Business / Economy

Icelandic parliament passes China-Iceland FTA

(Xinhua) Updated: 2014-01-30 06:44

REYKJAVIK -  The Icelandic parliament on Wednesday ratified a Free Trade Agreement (FTA) with China.

The Althing, the parliament of Iceland, passed the resolution with a voting of 56 in favor and two against, while three abstained.

Foreign Minister Gunnar Bragi Sveinsson said that "the agreement would create great business opportunities and a chance to strengthen Iceland's partnership with China in other areas."

Fiance Minister Bjarni Benediktsson, was cited by the local newspaper Morgunbladid, as saying that the agreement, which covers goods and services, trade facilitation, intellectual property rights, competition and investment, will enable Iceland to open up a booming market in the coming decades. He advised Icelandic businesses to take advantage of it.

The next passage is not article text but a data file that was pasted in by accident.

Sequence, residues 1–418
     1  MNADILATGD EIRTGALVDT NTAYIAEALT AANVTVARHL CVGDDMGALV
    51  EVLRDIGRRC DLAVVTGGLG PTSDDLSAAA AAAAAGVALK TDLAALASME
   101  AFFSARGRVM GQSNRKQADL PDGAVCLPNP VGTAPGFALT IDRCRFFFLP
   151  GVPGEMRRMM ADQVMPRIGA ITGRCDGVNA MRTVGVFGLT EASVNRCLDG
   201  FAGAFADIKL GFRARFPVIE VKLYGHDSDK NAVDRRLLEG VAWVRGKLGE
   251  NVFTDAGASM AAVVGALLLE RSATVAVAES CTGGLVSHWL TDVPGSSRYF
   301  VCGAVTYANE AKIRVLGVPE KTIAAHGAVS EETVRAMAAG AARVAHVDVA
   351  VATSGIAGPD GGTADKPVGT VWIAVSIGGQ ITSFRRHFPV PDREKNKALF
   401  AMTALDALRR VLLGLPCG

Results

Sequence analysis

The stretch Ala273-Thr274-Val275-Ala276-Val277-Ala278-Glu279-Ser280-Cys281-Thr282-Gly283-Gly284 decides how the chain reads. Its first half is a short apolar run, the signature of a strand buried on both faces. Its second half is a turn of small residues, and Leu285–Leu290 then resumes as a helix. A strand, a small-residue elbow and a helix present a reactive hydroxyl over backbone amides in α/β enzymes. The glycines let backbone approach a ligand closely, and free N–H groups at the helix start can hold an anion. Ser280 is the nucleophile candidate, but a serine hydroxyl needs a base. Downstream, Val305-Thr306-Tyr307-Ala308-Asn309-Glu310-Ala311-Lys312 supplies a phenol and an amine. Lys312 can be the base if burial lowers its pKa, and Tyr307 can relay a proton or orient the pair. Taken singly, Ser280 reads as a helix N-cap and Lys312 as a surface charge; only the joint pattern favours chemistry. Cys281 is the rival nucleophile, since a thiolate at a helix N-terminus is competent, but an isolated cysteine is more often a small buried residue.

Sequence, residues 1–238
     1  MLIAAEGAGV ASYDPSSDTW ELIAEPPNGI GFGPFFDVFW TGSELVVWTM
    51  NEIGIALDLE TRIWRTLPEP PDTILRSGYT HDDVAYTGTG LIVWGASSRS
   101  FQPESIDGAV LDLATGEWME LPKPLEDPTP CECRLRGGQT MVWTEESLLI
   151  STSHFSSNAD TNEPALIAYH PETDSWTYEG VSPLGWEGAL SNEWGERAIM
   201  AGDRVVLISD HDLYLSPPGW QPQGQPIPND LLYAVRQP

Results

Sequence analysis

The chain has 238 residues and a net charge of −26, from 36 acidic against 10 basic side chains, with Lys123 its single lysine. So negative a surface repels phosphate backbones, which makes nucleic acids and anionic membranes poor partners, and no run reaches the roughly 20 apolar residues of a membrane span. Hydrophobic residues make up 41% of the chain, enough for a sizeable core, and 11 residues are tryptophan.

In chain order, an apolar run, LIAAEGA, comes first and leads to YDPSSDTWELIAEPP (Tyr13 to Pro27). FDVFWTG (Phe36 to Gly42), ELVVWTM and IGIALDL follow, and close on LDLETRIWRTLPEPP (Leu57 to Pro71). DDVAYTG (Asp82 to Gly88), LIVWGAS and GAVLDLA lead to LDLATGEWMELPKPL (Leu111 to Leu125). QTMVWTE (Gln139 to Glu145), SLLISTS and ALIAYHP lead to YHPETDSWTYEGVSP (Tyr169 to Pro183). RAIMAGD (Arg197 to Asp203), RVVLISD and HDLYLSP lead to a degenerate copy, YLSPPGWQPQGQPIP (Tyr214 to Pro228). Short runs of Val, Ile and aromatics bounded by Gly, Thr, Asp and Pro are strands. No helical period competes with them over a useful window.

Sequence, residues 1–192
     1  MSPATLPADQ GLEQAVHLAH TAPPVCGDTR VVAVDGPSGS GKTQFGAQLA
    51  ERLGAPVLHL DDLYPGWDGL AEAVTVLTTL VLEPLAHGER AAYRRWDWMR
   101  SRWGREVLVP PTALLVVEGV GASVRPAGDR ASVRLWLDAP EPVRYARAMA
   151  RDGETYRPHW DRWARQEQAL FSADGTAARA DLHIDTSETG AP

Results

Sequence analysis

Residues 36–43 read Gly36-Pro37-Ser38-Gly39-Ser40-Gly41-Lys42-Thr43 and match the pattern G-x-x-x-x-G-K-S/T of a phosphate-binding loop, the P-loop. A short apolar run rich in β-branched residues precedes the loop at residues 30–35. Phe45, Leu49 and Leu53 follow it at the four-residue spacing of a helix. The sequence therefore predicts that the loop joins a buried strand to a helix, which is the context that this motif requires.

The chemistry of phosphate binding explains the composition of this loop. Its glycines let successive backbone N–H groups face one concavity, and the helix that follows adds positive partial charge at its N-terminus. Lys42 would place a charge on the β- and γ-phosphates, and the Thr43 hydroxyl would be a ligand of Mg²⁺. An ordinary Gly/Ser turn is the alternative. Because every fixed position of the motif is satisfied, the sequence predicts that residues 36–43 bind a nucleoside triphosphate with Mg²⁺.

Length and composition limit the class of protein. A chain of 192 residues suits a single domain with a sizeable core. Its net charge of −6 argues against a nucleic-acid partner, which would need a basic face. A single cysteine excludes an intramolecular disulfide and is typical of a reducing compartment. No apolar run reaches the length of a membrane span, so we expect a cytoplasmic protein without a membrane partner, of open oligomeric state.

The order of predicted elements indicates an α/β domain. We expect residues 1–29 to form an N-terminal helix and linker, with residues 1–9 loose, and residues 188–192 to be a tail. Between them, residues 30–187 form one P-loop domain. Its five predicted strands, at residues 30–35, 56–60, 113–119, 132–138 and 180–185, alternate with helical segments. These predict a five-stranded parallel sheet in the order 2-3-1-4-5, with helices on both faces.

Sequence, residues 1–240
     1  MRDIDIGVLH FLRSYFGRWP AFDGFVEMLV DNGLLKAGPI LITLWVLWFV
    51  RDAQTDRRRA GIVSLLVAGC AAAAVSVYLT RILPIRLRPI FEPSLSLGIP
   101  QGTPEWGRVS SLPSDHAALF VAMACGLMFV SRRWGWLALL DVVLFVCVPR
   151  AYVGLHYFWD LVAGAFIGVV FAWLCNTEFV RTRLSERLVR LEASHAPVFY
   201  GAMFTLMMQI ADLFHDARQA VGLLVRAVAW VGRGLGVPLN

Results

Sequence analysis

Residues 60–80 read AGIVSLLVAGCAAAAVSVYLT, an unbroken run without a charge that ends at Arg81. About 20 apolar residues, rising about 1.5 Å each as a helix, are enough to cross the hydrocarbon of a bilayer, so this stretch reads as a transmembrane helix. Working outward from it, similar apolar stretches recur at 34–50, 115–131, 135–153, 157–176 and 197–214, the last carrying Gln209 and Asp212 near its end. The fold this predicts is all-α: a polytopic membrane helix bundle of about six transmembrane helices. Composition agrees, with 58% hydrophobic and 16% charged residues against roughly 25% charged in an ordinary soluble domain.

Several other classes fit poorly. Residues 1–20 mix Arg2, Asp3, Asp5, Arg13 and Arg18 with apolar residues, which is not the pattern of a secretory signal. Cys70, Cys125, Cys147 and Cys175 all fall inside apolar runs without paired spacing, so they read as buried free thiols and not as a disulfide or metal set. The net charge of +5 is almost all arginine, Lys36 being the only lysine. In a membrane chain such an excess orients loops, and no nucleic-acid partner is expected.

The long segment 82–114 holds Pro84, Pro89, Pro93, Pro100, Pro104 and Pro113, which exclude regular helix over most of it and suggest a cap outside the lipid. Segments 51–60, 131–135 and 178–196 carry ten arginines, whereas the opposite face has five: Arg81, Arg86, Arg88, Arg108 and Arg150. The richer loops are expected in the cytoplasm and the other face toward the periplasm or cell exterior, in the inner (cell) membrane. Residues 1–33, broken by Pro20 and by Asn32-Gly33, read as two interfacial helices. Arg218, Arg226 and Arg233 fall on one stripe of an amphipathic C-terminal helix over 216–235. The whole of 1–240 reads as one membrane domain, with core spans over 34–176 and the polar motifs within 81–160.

The head of the economic and commercial counsellor's office of the Chinese Embassy in Iceland, Xie Guoxiang, said the result showed the two countries' willingness to boost their economic and trade ties, praising the FTA as a milestone for both nations.

The FTA negotiation between China and Iceland commenced in December, 2006 but was suspended in 2009 following Iceland's attempts to join the European Union.

The negotiation resumed in 2012 and was finally settled after six rounds of negotiations, with the signing of the agreement during the then Icelandic Prime Minister Johanna Sigurdardottir's official visit to China in April, 2013.

According to the FTA, Iceland will implement zero tariff on all industrial products and fishery products imported from China which accounted for 99.77 percent of the total China's exports to Iceland, after the agreement coming into effect.

Meanwhile, China will implement zero tariff on goods under 7,380 tariff numbers imported from Iceland, which accounted for 81.56 percent of China's total imports from Iceland, including its aquatic products.

After the final establishment of the FTA between China and Iceland, zero tariff shall apply to 96 percent of goods in terms of tariff number, or 100 percent in terms of trade volume.

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